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Here are the geranium, a little bit winter-struck, still red-hearted and perky in the post-storm sunshine. I always marvel at how they  settle down, go all green-leafed, then start to blossom again: a miracle of love and kindhearted attention.

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And here’s Don Quixote keeping vigil just behind the carnations. Oh Brexiteers, he stands on guard for thee. He’s very quiet though. Not sure about anything, except the need to guard the flowers from fear, fire, and foe. He’s a good man, is Alonso Quijano el Bueno. He doesn’t round round in circles and lose sleep over uncounted and uncountable, slaughtered sheep. Speaking of which, the Welsh are campaigning for Welsh Lamb. They do not wish their products to be labelled with the Union Jack, but with the Red Dragon of Wales, Y Draigg Coch Cymraig. I hope I’ve got that right: it’s been so long. Meanwhile, speaking of love, Northern Ireland is talking divorce from the UK and a renewed marriage with the south. Scotland is talking love-talk with the Europeans and muttering about separation (was it really 1606?) from the Union. And Plaid Cymru is once again flexing it’s separation muscles. For how much longer, in the current state of division, will we be able to talk of a United Kingdom? Valentine’s Day: it’s best to be off with the old love before you are on with the new. Yet there’s mucho flirting going on between many possible future partners, even while undying love is being spouted across the various negotiating tables. The Queen of Hearts rules on Valentine’s Day: “Off with their heads!” Oh dear, whatever will the little caterpillar say, let alone Malice in Blunderland?

And the cat came back. Thank heavens. I cannot imagine Valentine’s Day without some flowers, my beloved, the cat, and a great deal of love and understanding. May the joys of red flowers and open hearts (not the surgical kind) be with you this day, and may you find a ray of sunshine to sit in for the rest of what still promises to be a stormy and snow-filled winter.

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Copperopolis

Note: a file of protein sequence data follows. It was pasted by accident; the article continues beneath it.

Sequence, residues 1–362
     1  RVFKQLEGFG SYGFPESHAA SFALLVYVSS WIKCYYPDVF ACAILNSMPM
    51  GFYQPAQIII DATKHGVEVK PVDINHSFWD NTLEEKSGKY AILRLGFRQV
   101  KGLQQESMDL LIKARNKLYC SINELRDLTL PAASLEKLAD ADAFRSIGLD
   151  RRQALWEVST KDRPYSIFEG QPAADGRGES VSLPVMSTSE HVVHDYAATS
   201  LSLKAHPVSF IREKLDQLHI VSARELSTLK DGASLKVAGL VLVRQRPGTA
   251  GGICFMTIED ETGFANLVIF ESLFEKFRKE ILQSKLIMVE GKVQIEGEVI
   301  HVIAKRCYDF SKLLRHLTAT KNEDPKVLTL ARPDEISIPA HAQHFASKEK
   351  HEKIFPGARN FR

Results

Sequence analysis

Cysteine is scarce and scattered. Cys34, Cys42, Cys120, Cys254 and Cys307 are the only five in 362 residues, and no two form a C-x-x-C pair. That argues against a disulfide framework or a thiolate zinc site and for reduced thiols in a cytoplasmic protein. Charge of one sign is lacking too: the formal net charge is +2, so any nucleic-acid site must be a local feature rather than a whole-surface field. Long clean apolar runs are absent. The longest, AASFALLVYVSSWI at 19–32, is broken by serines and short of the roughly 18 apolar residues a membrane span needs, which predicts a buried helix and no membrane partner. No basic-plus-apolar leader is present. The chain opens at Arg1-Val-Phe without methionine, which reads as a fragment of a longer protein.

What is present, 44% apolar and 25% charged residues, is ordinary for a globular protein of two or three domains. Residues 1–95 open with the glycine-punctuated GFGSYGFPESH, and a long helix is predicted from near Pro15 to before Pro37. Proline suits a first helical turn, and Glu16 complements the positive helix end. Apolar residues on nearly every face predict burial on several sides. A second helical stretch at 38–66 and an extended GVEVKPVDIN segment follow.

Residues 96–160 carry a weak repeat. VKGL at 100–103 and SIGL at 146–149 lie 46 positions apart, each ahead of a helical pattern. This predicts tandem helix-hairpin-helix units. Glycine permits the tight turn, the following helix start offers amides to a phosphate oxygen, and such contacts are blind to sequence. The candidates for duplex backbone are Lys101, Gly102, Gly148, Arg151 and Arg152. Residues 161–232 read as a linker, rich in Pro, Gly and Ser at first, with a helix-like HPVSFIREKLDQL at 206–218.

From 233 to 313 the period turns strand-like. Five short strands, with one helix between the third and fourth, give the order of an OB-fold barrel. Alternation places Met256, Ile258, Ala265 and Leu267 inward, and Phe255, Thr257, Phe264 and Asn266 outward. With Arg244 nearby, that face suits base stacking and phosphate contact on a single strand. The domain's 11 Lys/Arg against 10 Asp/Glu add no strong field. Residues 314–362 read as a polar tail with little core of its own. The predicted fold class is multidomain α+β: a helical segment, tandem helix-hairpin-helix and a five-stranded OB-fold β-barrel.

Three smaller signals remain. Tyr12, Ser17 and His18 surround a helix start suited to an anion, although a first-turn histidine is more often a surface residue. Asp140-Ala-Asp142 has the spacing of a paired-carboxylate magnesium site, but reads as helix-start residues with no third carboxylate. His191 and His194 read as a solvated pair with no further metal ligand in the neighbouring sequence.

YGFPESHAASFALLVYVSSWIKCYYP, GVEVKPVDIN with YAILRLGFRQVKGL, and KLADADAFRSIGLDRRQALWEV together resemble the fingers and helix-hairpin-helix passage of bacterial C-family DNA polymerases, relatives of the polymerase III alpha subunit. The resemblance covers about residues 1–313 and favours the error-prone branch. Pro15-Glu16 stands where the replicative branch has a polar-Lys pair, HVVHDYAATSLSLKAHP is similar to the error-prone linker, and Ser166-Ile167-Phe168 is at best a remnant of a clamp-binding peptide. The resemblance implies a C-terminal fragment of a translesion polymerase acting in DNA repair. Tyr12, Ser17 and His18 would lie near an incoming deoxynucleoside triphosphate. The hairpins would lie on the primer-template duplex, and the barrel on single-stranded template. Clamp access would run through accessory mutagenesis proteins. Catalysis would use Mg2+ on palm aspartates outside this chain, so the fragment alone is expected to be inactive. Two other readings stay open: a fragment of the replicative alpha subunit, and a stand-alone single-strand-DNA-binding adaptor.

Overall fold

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Copperopolis

Mountains and craters on the moon look like this:
scarred, barren landscape, scabs of a dead industrial
revolution that created the largest copper smelting
plant in the world. Labourers strove for a living,
but met early with death. Rows of tiny, brick hutches
where families crowd, breeding like rabbits. Back
yards with greenhouses, cracked flagstones, allotments
where life-saving vegetables grow, and a chicken-coop
for the occasional egg worshipped after childbirth.
I remember it well. The garden walls adorned with
broken glass, set in concrete, so nobody could take
food from the garden, or steal the precious hens.
Washday on Monday, when furnace dust had settled
after the day of rest. Clothes hung out on Tuesday,
stained with the industrial waste that clogged bays,
fields, and farms. Summer and Fall, my father walked
shoeless to school, worked hard to buy himself winter
shoes. He sanctified footwear for the rest of his life.
He studied hungry, slept famished, and awoke to hunger
and cold. Born into poverty, we were rich in love.
My father broke out, scaled those walls, got odd jobs,
went to night school, educated himself, became someone.
He wanted the world for me. But my hands were too small
to grasp the enormity of what he had achieved and who he was.
He aimed for the stars, failed, but scraped his wings on the moon.
I cut my teeth on broken bottles and never wanted to leave.

Forgetfulness

 

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Forgetfulness

a lone dog tied out in the rain
a lost German Shepherd barking at stars and moon
grass growing through plastic flowers on a grave
a name eroded by the sand paper wind
a solitary sea bird carving its name on a cloud
a sea gull slicing the sky with its wing
unwashed dishes sunbathing in the sink
a knife and a fork side by side not speaking
the bike with a flat tire growing dust by the door
the kite’s face locked in the prison of the tree
a teddy bear sitting by a forgotten glass of wine

Forgetfulness is also me and my blog. I have been writing elsewhere all week, preparing two manuscripts for a competition. It’s been a long slog: gathering the material, organizing it, structuring it, revising it, polishing it, cutting unwanted material, searching for valid replacements.

Tuesday I had the honor and the pleasure of working with a local high school in their  creative writing program. I am no longer a part of the Writers in Schools Program (WiSP), so this was a freebie. I came, I sat, I talked. And then I drove home again. I answered questions from the students on my life as a writer. It was very interesting for me as some of the questions were sharp and pertinent. How do you deal with writer’s block?   Do you write by hand or on the computer? Where do you get your inspiration? Hopefully my responses were of some interest to the students who gathered to listen. The one question I expected to field was never asked: “How much do you earn as a writer? The answer of course is very little, if anything. I write for pleasure, not for money, and I have never been published by a major press.